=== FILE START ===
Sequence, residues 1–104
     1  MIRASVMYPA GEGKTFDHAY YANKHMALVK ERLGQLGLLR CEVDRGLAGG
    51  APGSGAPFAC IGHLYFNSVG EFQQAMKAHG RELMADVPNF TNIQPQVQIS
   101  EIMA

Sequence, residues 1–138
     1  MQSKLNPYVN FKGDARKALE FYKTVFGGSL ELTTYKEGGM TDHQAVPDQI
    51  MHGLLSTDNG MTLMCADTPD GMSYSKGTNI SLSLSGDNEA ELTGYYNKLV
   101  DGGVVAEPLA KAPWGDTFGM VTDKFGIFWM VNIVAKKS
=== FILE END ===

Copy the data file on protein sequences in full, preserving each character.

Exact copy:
Sequence, residues 1–104
     1  MIRASVMYPA GEGKTFDHAY YANKHMALVK ERLGQLGLLR CEVDRGLAGG
    51  APGSGAPFAC IGHLYFNSVG EFQQAMKAHG RELMADVPNF TNIQPQVQIS
   101  EIMA

Sequence, residues 1–138
     1  MQSKLNPYVN FKGDARKALE FYKTVFGGSL ELTTYKEGGM TDHQAVPDQI
    51  MHGLLSTDNG MTLMCADTPD GMSYSKGTNI SLSLSGDNEA ELTGYYNKLV
   101  DGGVVAEPLA KAPWGDTFGM VTDKFGIFWM VNIVAKKS